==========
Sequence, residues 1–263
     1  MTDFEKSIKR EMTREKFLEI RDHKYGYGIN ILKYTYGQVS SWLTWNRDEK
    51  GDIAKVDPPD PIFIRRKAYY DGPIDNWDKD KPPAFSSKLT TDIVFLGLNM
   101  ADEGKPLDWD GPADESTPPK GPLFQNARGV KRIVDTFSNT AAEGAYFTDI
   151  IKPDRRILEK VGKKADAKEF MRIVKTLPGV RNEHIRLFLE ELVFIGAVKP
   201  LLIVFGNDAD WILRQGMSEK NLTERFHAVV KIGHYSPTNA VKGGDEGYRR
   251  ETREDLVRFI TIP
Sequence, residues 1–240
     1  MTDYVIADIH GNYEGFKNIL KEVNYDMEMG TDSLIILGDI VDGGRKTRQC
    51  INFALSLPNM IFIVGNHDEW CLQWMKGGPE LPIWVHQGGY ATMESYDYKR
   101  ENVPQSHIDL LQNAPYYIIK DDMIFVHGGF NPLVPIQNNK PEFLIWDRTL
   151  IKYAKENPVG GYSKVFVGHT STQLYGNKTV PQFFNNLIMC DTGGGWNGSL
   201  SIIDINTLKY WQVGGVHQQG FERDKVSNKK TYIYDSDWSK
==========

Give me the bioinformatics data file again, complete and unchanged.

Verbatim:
Sequence, residues 1–263
     1  MTDFEKSIKR EMTREKFLEI RDHKYGYGIN ILKYTYGQVS SWLTWNRDEK
    51  GDIAKVDPPD PIFIRRKAYY DGPIDNWDKD KPPAFSSKLT TDIVFLGLNM
   101  ADEGKPLDWD GPADESTPPK GPLFQNARGV KRIVDTFSNT AAEGAYFTDI
   151  IKPDRRILEK VGKKADAKEF MRIVKTLPGV RNEHIRLFLE ELVFIGAVKP
   201  LLIVFGNDAD WILRQGMSEK NLTERFHAVV KIGHYSPTNA VKGGDEGYRR
   251  ETREDLVRFI TIP
Sequence, residues 1–240
     1  MTDYVIADIH GNYEGFKNIL KEVNYDMEMG TDSLIILGDI VDGGRKTRQC
    51  INFALSLPNM IFIVGNHDEW CLQWMKGGPE LPIWVHQGGY ATMESYDYKR
   101  ENVPQSHIDL LQNAPYYIIK DDMIFVHGGF NPLVPIQNNK PEFLIWDRTL
   151  IKYAKENPVG GYSKVFVGHT STQLYGNKTV PQFFNNLIMC DTGGGWNGSL
   201  SIIDINTLKY WQVGGVHQQG FERDKVSNKK TYIYDSDWSK